DMR’s legendarily indestructible steel hardtail has been reborn as a bang-up-to-date, plus-size possible playbike that proves you don’t need a rear shock to have a load of fun on technical trails. A ton of super-slack bike is less fun uphill though.
DMR has a long history of punishment-proof machines. The Trailstar’s short head tube is tapered, with bulged top and bottom openings to take an integrated headset. There’s a big throat gusset supporting the stout double-butted down tube too.
The downward-kinked, double-butted top tube is relatively skinny though, while the seat tube splits the difference. It also does without bottle bosses for full seat drop with a rigid post and has an exit port for an internally routed dropper.
The top tube is relatively skinny: the top tube is relatively skinny
The top tube is relatively skinny
The traditional threaded BB gets an ISCG mount and the seat clamp is forward facing to stop rear wheel spray seeping into the electroplated, corrosion resistant frame. A driveside chainstay plate and wide-spread seatstays give massive tyre clearance and enough space for smaller plus-size tyres with the appropriate extended SwopOut dropouts. At 2.8kg for a bare frame it’s definitely built for maximum strength rather than minimum effort on climbs. There are no XS or XL sizes, though the L is very long.
The Trailstar is only available as a frame so distributor Upgrade built up our sample with kit from its range of brands. DMR supplied its own heavy duty, jump bike-inspired Wingbar/Defy cockpit, a Stage 1 saddle with built in inner tube holder and their new Axe single-ring cranks. A Praxis wide-range cassette completed the drivetrain. The Sweep Roughcut HLR fork and Hilo SLS dropper post came from X-Fusion, while TRP provided the four-pot Slate discs. The bike arrived fitted with a plus-size WTB wheelset but we also ran DMR’s Zone wheels for part of the test period.
The fact the new Trailstar can handle smaller plus-size tyres is great for low pressure, ‘smother everything in flaccid rubber’ fans and adds useful versatility that’s still rare on 650b bikes (though more common on 29ers). Because the sheer volume and ‘lean, don’t turn’ character of the tyres masks a lot of the finer points of frame feel and handling, we did most of our comparative testing with DMR’s mid-width Zone wheels and a Schwalbe Nobby Nic/Rock Razor tyre combo.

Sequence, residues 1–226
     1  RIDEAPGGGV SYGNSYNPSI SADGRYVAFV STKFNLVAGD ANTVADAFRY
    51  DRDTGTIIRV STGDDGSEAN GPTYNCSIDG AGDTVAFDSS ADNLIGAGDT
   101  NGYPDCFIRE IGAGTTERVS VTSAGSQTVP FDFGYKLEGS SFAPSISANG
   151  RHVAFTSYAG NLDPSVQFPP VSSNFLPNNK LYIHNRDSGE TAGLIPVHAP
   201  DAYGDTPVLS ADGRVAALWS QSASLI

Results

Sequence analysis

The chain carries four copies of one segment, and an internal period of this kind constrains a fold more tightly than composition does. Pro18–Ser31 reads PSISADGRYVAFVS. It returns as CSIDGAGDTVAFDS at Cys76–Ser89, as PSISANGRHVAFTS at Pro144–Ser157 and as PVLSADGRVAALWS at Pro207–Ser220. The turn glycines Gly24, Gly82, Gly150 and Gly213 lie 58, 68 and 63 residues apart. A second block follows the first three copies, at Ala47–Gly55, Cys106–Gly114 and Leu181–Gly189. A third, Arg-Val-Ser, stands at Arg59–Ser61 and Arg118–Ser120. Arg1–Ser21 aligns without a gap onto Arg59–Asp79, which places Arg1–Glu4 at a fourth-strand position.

The extra-long 650b+ swopout dropouts seen here can be swapped for regular thru-axle, bolted or qr versions: the extra-long 650b+ swopout dropouts seen here can be swapped for regular thru-axle, bolted or qr versions
The extra-long 650b+ SwopOut dropouts can be swapped for regular thru-axle, bolted or QR versions
It’s a sign of how well DMR has harnessed the naturally shock-shrugging potential of the steel tubing that it still didn’t feel too jarring through our feet and knees even when the fork was hitting full travel.
It’s certainly no full-suspension bike and you still have to dodge potentially rim-dinging rocks but the Trailstar rolls with the punches much better than the average alloy frame and better than most steel frames too. Add the well-damped long-travel fork and muscularly stiff DMR cockpit and it can be driven through normally speed-killing sections seriously hard as long as you’re light enough on your feet to save the rear rim.
The supplied 160mm fork was 10mm longer than the recommended upper limit for the frame, which tipped the already slack geometry back even further. Add a long front centre and you’ve got a very stable, naturally self-centring steering feel that’s just as speed- and chaos-proof as the frame feel – as long as you stay standing up.
The skinny, low standover top tube and tapered stays give the trailstar the trademark forgiveness and shock shrugging character of steel even when you’re going full gas: the skinny, low standover top tube and tapered stays give the trailstar the trademark forgiveness and shock shrugging character of steel even when you’re going full gas Steve Behr
The Trailstar has steel’s trademark forgiveness and shock shrugging character, even when you’re going full gas
Sit down, though, and the 69.5-degree seat angle takes too much weight off the distant front end, particularly when climbing or flat tracking. The long, skinny, kinked top tube also means more mainframe twist and tracking vagueness than we’d expect from the top-spec X-Fusion fork. Cue a lot of frustrating steering fumbles and loss of lines, even when we slammed the saddle forwards to steepen the effective seat angle as much as possible. We’d stick to a 140mm fork (at most) to get the seat angle the right side of 70 degrees and keep the front wheel stuck down and gripping more predictably.
Frame softness and high weight don’t do the Trailstar’s performance under power any favours, and unless the trail points downwards or rolls fast you’ve got a trudge on your hands. The forgiveness on landing takes some of the pop and snap out of take-off too, making this a bike best suited to big speed on big hills, not tight trick tracks.
• Price of Frame only: £499 / US$ TBC / AUS TBC